An estimated 100,000 people gathered at the dock in Belfast, Ireland on March 31, 1911, to watch the launch of the Royal Mail Ship (RMS) Titanic. Considered to be an “unsinkable” sink, Titanic was the largest and most luxurious cruise liner of its day, measuring more than 882 feet long from prow to stern—the length of four-city blocks—and 175 feet high, and weighing more than 46,000 tons. It boasted state-of-the-art technology, including a sophisticated electrical control panel, four elevators and an advanced wireless communications system that could transmit Morse Code.
Yet on the night of April 14, 1912, just four days after leaving Southampton, England on its maiden voyage to New York, the Titanic struck an iceberg off the coast of Newfoundland and sank. Now, more than a century after the Titanic went down, experts are still debating possible causes of this historic disaster that took the lives of more than 1,500 passengers and crew. Most of them agree that only a combination of circumstances can fully explain what doomed the supposedly unsinkable ship.
It was traveling too fast.
From the beginning, some blamed the Titanic’s skipper, Captain E.J. Smith, for sailing the massive ship at such a high speed (22 knots) through the iceberg-heavy waters of the North Atlantic. Some believed Smith was trying to better the crossing time of Titanic’s White Star sister ship, the Olympic. But in a 2004 paper, engineer Robert Essenhigh speculated that efforts to control a fire in one of the ship’s coal bunkers could have explained why the Titanic was sailing at full speed.
The wireless radio operator dismissed a key iceberg warning.
Less than an hour before the Titanic hit the iceberg, another nearby ship, the Californian, radioed to say it had been stopped by dense field ice. But as the warning didn’t begin with the prefix “MSG” (Master’s Service Gram), which would have required the captain to directly acknowledge receiving the message, the Titanic’s radio operator Jack Phillips considered the other ship’s warning non-urgent, and didn’t pass it along.
It may have taken a fatal wrong turn.
According to a claim made in 2010 by Louise Patten (the granddaughter of the most senior Titanic officer to survive, Charles Lightoller), one of the ship’s crewmembers panicked after hearing the order to turn “hard-a-starboard” in order to avoid the approaching iceberg. Because ships at the time operated on two different steering order systems, he became confused and turned the wrong way—directly toward the ice. Patten included this version of events, which she said she heard from her grandmother after Lightoller’s death, in her fictionalized account of the Titanic disaster, Good as Gold.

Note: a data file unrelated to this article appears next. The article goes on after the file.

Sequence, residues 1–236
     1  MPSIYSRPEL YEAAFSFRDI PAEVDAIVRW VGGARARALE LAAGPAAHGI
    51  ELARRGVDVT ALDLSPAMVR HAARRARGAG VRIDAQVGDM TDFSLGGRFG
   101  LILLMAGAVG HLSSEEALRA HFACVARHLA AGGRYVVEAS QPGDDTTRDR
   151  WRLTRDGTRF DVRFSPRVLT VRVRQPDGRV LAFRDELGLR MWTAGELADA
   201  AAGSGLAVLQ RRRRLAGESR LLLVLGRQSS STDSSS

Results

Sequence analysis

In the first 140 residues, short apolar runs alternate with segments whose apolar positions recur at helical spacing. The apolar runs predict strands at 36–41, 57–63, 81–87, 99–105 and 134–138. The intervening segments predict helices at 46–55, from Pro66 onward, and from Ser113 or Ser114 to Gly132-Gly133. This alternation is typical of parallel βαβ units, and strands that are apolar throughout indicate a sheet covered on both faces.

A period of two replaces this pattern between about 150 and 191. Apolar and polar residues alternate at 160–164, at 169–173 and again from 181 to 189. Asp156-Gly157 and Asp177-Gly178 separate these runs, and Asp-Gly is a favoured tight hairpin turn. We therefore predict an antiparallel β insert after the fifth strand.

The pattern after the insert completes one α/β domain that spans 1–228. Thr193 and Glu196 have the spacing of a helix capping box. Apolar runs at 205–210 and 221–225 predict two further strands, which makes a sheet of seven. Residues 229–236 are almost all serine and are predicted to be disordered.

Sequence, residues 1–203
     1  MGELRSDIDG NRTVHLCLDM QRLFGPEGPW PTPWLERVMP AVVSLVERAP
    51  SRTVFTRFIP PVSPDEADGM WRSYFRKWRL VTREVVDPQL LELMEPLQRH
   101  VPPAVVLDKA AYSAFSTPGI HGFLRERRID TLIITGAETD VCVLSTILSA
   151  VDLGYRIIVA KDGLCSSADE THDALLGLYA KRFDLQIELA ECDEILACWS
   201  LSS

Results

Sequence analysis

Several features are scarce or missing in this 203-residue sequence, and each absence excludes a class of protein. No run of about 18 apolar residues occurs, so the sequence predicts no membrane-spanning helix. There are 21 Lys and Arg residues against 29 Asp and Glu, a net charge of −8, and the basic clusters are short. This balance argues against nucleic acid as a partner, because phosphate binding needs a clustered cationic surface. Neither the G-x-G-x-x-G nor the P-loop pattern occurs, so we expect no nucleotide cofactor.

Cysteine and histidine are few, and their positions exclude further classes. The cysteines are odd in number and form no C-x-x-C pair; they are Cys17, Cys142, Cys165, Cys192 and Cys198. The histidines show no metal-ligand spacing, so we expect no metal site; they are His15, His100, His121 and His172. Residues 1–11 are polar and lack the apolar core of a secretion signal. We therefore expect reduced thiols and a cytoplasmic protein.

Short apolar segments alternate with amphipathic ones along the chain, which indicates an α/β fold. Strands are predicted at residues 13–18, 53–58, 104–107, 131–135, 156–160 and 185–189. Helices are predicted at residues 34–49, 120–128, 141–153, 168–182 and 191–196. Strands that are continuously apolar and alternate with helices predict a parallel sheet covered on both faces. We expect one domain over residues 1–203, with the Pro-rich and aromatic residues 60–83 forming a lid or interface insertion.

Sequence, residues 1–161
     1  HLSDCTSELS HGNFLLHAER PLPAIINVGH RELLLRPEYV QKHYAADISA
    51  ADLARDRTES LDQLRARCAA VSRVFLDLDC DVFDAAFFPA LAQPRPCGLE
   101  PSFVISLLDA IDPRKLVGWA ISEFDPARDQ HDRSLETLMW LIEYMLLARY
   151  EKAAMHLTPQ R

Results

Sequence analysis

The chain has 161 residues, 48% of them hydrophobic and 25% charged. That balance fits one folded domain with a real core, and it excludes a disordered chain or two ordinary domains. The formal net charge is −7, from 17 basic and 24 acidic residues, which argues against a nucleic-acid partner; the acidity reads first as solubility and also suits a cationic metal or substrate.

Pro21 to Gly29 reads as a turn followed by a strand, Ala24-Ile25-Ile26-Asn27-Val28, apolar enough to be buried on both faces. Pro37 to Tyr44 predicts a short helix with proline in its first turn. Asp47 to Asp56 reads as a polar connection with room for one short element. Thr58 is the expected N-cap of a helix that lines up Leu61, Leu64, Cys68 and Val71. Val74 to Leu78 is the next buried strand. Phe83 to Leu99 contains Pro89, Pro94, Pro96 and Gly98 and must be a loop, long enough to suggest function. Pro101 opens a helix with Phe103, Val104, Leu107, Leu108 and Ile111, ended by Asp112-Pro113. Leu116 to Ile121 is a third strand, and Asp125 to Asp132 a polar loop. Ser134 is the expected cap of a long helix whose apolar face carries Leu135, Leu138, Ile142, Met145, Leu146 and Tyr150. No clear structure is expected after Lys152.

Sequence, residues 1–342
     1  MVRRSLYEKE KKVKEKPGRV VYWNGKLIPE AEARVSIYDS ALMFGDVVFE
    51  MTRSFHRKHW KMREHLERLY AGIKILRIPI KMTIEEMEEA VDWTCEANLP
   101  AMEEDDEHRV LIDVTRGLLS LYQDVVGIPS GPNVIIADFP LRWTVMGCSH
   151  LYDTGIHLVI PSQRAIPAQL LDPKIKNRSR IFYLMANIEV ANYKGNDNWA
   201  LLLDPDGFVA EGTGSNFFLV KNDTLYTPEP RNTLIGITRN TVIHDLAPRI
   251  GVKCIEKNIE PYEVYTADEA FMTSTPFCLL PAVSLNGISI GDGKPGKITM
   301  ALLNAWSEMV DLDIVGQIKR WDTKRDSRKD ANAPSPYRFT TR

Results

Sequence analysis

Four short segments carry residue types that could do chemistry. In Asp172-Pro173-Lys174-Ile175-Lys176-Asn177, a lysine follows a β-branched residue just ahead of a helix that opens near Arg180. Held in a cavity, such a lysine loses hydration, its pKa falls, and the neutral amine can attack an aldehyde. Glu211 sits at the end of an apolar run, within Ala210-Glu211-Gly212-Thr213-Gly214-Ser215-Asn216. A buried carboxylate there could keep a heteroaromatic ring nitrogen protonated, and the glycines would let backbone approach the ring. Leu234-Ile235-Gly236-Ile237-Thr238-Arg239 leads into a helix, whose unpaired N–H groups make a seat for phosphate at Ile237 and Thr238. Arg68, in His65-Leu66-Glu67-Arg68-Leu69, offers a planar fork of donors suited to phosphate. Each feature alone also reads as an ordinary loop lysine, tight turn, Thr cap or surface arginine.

The Titanic’s builders tried to cut costs.
In 1985, when an American-French expedition finally located the historic wreck, investigators discovered that, contrary to earlier findings, the Titanic had not sunk intact after hitting the iceberg but had broken apart on the ocean’s surface. Materials scientists Tim Foecke and Jennifer Hooper McCarty have cast blame on the more than 3 million rivets that held the hull’s steel plates together. They examined rivets brought up from the wreck and found them to contain a high concentration of “slag,” a smelting residue that can make metal split apart. This may have weakened the part of the Titanic’s hull that hit the iceberg, causing it to break apart upon impact.
Mirages and hazy horizons were created by weather conditions.
Two studies done around the time of the 100th anniversary of the Titanic disaster in 2012 suggested that nature played a key role in the ship’s fate. The first argued that the Earth came unusually close to both the Moon and the Sun that year, increasing their gravitational pull on the ocean and producing record tides, which caused increased amounts of floating ice in the North Atlantic around the time of the sinking. The second study, by British historian Tim Maltin, claimed that atmospheric conditions on the night of the disaster might have caused a phenomenon called super refraction. This bending of light could have created mirages, or optical illusions, that prevented the Titanic’s lookouts from seeing the iceberg clearly. It also would have made the Titanic appear closer, and smaller, to the nearby ship the Californian causing it’s crew to assume it was a different ship without a radio, preventing them from attempting to communicate. From their vantage point, and with these hazy conditions, when the Titanic started to sink, the Californian’s crew would have thought it was merely sailing away.
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The lookouts had no binoculars.
Second officer David Blair, who held the key to the Titanic’s store of binoculars in his pocket, was transferred off the ship before it left for its maiden voyage from Southampton, and forgot to hand over the key to the officer who replaced him. At a later inquiry into the sinking, a lookout on the Titanic said binoculars might have helped them spot and dodge the iceberg in time. Blair kept the key as a memento of his near miss; it was auctioned off in 2007 and fetched some £90,000.
There weren’t enough lifeboats.
No matter what caused the Titanic to sink, such a massive loss of life could probably have been avoided if the ship had carried sufficient lifeboats for its passengers and crew. But the White Star liner left Southampton with only 20 lifeboats, the legal minimum, with a total capacity of 1,178 people. Though Maurice Clarke, the civil servant who inspected the Titanic in Southampton, recommended it carry 50 percent more lifeboats, his handwritten notes at the time later revealed that he felt his job would be threatened if he did not give the famous ship the go-ahead to sail. Due to the chaos that ensued after the Titanic struck an iceberg, the 20 lifeboats departed the ship with some 400 empty seats, leaving more than 1,500 people to perish in the frigid ocean waters.